International Airlines Group (IAG) has reported a huge loss for the third quarter and confirmed it will make further capacity cuts for the rest of the year.
Total revenue at the group - which owns British Airways, Aer Lingus and Iberia - declined by 83 per cent to €1.2 billion over the past three months, compared to €7.3 billion last year.
Overall IAG lost €1.3 billion over the period, compared to a €1.4 billion profit last year.
Passenger capacity, expressed in available seat kilometres, declined by 78.6 per cent in the quarter.
Passenger traffic, measured in terms of revenue passenger kilometres, declined by 88 per cent.
Seat load factor declined by 39 points to 49 per cent.
Stephen Gunning, chief financial officer with IAG, said: “Recent overall bookings have not developed as previously expected due to additional measures implemented by many European governments in response to a second wave of Covid-19 infections, including an increase in local lockdowns and extension of quarantine requirements to travellers from an increasing number of countries.
“At the same time, initiatives designed to replace quarantine periods and increase customer confidence to book and travel, such as pre-departure testing and air corridor arrangements, have not been adopted by governments as quickly as anticipated.”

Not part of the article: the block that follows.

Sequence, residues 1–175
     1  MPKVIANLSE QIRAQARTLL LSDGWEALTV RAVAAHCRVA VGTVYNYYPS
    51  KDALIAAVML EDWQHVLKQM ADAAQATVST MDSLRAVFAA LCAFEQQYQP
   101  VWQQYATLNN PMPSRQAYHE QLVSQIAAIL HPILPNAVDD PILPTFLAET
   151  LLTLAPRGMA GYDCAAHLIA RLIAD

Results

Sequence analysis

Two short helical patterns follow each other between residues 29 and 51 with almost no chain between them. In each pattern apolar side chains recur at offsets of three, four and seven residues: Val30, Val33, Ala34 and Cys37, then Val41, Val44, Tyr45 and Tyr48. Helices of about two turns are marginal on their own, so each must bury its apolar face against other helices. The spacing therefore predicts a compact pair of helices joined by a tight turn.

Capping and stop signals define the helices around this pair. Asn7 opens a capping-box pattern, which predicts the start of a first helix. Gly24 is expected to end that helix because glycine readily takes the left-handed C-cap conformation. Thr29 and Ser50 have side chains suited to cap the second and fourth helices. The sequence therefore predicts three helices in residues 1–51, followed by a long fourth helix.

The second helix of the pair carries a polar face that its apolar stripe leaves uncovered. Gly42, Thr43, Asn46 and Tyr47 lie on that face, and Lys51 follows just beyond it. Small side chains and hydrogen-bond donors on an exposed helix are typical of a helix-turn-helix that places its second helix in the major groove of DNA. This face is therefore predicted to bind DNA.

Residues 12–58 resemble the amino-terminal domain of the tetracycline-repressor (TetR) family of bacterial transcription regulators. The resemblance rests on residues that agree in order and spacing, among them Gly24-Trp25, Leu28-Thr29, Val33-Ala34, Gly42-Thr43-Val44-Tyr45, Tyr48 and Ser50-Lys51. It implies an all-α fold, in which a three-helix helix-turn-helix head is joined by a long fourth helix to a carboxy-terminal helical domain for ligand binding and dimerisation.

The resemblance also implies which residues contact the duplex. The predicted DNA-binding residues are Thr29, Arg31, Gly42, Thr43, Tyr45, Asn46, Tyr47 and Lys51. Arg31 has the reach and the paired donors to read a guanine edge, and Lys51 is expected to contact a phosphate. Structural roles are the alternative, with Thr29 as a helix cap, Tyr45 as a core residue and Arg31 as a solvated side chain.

In response to the high uncertainty of the current environment, IAG now plans for capacity in quarter four of this year to be no more than 30 per cent compared to 2019.
As a result, the group no longer expects to reach breakeven in terms of net cash flows from operating activities during the next three months.
The group has previously hoped to fly around 40 per cent of its planned capacity.
IAG added, as of September, it had total liquidity of €6.6 billion, comprised of €5.0 billion of cash, cash equivalents and interest-bearing deposits and €1.6 billion of undrawn and committed general and aircraft facilities.
In addition, €2.74 billion of gross proceeds from the capital Increase were received in early October for a total pro-forma liquidity of €9.3 billion.